Saturday, July 23, 2005

Upjohn, watered-down, turn around, attorney-client boogie

Okay, so it's getting late, and I had trouble getting a certain Brooks & Dunn tune out of my head when I was writing the title for this post...

The Fourth Circuit recently considered in In re Grand Jury Subpoena, No. 04-4410 (4th Cir. July 18, 2005) (PDF) whether three employees of AOL Time Warner could prohibit the Company from waiving the attorney-client privilege when responding to a grand jury subpoena for interview memos generated during the internal investigation. The case is a good reminder about the importance of so-called "Upjohn warnings" during internal investigations conducted by lawyers.

AOL Time Warner hired a law firm to conduct an internal investigation regarding AOL's relationship with a company called Purchase Pro, Inc. The attorneys conducted interviews with several of AOL's employees. Normally, attorneys conducting internal investigations are strongly encouraged to issue "Upjohn warnings," to the employees, named for Upjohn v. United States, 449 U.S. 383, 389 (1981). The investigating counsel should warn each interviewed employee at the beginning of the interview that:

(1) counsel represents only the company, and not the employee personally;
(2) the attorney-client privilege under which the interview is conducted belongs solely to the company; and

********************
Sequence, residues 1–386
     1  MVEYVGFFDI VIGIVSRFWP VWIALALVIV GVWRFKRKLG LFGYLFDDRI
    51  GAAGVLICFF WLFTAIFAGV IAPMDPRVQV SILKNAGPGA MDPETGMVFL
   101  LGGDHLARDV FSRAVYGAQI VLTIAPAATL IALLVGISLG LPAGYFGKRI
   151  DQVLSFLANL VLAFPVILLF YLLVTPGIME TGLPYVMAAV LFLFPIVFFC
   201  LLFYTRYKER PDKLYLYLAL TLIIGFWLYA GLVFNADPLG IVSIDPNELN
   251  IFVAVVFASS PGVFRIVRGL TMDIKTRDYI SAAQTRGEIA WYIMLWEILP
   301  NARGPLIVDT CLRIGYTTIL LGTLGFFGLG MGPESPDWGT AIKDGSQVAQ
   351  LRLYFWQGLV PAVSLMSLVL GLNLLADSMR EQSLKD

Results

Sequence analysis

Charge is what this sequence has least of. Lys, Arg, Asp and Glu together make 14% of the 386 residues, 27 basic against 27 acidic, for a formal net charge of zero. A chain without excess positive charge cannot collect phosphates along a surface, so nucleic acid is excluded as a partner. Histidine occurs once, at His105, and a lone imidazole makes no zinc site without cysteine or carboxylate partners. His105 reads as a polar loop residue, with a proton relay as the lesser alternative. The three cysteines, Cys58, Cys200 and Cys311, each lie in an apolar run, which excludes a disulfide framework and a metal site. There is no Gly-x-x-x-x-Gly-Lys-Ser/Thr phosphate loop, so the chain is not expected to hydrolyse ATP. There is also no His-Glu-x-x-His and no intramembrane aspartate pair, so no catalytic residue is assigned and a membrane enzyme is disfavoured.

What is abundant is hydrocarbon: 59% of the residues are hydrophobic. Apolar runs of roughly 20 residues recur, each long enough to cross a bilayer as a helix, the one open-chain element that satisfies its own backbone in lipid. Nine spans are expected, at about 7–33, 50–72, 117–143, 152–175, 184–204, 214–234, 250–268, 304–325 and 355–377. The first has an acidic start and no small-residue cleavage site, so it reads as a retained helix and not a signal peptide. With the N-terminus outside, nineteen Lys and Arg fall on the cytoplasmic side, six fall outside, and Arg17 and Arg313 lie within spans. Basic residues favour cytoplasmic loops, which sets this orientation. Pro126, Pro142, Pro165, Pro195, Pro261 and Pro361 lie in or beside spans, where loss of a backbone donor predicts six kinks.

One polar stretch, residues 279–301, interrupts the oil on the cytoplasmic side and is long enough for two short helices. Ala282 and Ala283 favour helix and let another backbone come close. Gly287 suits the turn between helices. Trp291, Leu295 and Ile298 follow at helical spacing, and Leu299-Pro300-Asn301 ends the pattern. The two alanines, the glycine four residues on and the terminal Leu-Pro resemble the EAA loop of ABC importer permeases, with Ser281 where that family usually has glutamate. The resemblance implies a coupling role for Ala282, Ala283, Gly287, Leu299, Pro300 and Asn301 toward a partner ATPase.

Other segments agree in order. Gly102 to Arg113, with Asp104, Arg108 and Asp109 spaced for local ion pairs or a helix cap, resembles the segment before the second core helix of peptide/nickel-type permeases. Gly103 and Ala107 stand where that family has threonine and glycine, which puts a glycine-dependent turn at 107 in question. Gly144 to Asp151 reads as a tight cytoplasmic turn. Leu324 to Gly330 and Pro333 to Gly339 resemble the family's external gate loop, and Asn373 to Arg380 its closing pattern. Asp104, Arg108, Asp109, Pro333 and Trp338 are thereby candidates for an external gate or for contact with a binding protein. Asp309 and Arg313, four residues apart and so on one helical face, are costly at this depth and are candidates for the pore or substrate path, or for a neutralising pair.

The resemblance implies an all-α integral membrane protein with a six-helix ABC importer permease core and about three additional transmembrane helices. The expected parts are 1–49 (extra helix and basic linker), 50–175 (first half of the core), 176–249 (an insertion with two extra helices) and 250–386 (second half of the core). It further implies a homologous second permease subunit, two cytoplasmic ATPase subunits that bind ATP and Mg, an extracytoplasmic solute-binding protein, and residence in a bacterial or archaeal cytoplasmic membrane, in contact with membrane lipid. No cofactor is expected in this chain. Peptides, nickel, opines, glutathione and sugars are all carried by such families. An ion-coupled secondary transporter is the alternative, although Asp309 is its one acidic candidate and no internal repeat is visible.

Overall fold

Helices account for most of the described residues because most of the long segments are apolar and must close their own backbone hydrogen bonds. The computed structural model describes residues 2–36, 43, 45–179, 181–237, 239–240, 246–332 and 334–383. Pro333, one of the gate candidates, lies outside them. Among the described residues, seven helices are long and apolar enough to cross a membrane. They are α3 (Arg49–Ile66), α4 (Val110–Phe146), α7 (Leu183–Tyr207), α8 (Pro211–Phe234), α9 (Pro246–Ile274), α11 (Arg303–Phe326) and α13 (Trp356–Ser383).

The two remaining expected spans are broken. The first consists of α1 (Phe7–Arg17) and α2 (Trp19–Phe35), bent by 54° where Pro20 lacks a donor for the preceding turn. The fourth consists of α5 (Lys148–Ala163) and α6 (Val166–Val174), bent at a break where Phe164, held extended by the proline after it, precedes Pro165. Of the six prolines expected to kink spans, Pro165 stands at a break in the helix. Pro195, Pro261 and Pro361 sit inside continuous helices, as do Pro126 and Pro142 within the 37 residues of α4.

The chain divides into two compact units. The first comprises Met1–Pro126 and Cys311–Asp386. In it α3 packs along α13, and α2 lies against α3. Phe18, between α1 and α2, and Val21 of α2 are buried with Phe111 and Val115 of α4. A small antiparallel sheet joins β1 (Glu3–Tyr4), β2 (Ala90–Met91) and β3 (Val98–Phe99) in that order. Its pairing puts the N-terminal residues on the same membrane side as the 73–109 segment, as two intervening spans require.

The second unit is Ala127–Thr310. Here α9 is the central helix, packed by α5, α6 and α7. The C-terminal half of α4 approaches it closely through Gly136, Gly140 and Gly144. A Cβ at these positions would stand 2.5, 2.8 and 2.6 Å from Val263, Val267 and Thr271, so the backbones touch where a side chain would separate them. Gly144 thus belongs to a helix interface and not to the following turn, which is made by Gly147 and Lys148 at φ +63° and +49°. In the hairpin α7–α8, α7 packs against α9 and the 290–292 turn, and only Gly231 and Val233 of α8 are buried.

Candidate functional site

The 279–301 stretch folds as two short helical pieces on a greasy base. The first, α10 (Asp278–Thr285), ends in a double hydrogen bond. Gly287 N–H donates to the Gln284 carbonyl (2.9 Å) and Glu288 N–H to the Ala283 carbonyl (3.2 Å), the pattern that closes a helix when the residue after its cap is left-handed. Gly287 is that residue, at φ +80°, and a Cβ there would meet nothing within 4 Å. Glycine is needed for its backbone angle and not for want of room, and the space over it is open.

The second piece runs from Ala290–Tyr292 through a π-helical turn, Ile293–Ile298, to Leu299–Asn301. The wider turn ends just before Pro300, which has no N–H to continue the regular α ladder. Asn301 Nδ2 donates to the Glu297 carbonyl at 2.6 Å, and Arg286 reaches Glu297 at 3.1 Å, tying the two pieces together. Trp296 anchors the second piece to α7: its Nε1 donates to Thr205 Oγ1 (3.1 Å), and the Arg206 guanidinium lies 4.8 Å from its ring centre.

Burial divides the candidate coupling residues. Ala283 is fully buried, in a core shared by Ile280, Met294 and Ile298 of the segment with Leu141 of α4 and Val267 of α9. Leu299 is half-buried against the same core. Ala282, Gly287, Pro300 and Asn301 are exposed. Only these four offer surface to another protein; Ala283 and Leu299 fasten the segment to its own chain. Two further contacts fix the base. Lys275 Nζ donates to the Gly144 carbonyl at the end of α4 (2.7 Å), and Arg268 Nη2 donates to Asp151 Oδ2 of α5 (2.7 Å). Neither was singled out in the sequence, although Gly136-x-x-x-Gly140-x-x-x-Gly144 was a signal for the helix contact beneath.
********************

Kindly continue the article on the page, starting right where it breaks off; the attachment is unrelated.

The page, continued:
(3) only the company will decide whether any facts learned in the interview will be shared with any third party, including government officials.

The investigating attorneys in this case gave a variation of the Upjohn warnings that led to some confusion about who they represented. The attorneys stated
(1) "we represent the company" (so far, so good);
(2) "these conversations are privileged, but the privilege belongs to the company and the company decides whether to waive it. If there is a conflict, the attorney-client privilege belongs to the company" (again, no problem); and
(3) "we can represent you as long as no conflict appears" (ouch).

That last part seemed to cause the most confusion with the employees. The Fourth Circuit panel held that all of the "essential touchstones for the formation of an attorney-client relationship between the investigating attorneys and the appellants were missing at the time of the interviews." However, it also called the warnings "watered down 'Upjohn warnings'" that created "a potential legal and ethical mine field."

The district court denied the motion to quash as to all of the employees, and the unanimous panel of the Fourth Circuit affirmed. It reiterated that "[a]n individual’s subjective belief that he is represented is not alone sufficient to create an attorney-client relationship." The troublesome statement that the attorneys "could" represent the individuals was insufficient "to establish the reasonable understanding that they were representing" the employees.

The moral to the story here is that when you do an internal investigation, have a script ready to read to each employee that contains the Upjohn warnings, and do not deviate from it. Follow up the interview with a written memorandum of the warnings. Better yet, write out the warnings and have the employees read and sign them before the interview begins. Otherwise, you may be creating an attorney-client relationship with both the company and its employee, and you may have to withdraw where, as here, a conflict arises.

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